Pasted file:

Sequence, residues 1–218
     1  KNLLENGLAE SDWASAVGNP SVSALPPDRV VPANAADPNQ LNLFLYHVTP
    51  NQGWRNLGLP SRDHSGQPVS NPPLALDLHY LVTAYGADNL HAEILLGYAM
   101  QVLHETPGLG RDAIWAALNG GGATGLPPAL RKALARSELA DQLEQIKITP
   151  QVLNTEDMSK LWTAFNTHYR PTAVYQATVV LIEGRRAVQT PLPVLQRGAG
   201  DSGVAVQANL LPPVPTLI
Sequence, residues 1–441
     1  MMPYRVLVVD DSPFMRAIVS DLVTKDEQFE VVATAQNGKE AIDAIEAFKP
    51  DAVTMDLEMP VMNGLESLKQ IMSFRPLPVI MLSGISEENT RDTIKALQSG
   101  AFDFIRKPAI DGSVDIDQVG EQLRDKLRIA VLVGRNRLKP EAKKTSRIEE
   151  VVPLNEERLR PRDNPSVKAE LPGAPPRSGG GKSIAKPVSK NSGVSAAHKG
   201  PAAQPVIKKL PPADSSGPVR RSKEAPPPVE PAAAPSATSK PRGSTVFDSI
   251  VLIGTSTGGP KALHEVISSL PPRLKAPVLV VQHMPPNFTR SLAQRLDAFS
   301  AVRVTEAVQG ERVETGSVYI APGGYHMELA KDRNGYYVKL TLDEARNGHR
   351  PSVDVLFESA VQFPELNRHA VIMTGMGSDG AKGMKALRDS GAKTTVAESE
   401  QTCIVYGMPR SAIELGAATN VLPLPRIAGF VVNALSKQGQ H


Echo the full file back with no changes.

Sequence, residues 1–218
     1  KNLLENGLAE SDWASAVGNP SVSALPPDRV VPANAADPNQ LNLFLYHVTP
    51  NQGWRNLGLP SRDHSGQPVS NPPLALDLHY LVTAYGADNL HAEILLGYAM
   101  QVLHETPGLG RDAIWAALNG GGATGLPPAL RKALARSELA DQLEQIKITP
   151  QVLNTEDMSK LWTAFNTHYR PTAVYQATVV LIEGRRAVQT PLPVLQRGAG
   201  DSGVAVQANL LPPVPTLI
Sequence, residues 1–441
     1  MMPYRVLVVD DSPFMRAIVS DLVTKDEQFE VVATAQNGKE AIDAIEAFKP
    51  DAVTMDLEMP VMNGLESLKQ IMSFRPLPVI MLSGISEENT RDTIKALQSG
   101  AFDFIRKPAI DGSVDIDQVG EQLRDKLRIA VLVGRNRLKP EAKKTSRIEE
   151  VVPLNEERLR PRDNPSVKAE LPGAPPRSGG GKSIAKPVSK NSGVSAAHKG
   201  PAAQPVIKKL PPADSSGPVR RSKEAPPPVE PAAAPSATSK PRGSTVFDSI
   251  VLIGTSTGGP KALHEVISSL PPRLKAPVLV VQHMPPNFTR SLAQRLDAFS
   301  AVRVTEAVQG ERVETGSVYI APGGYHMELA KDRNGYYVKL TLDEARNGHR
   351  PSVDVLFESA VQFPELNRHA VIMTGMGSDG AKGMKALRDS GAKTTVAESE
   401  QTCIVYGMPR SAIELGAATN VLPLPRIAGF VVNALSKQGQ H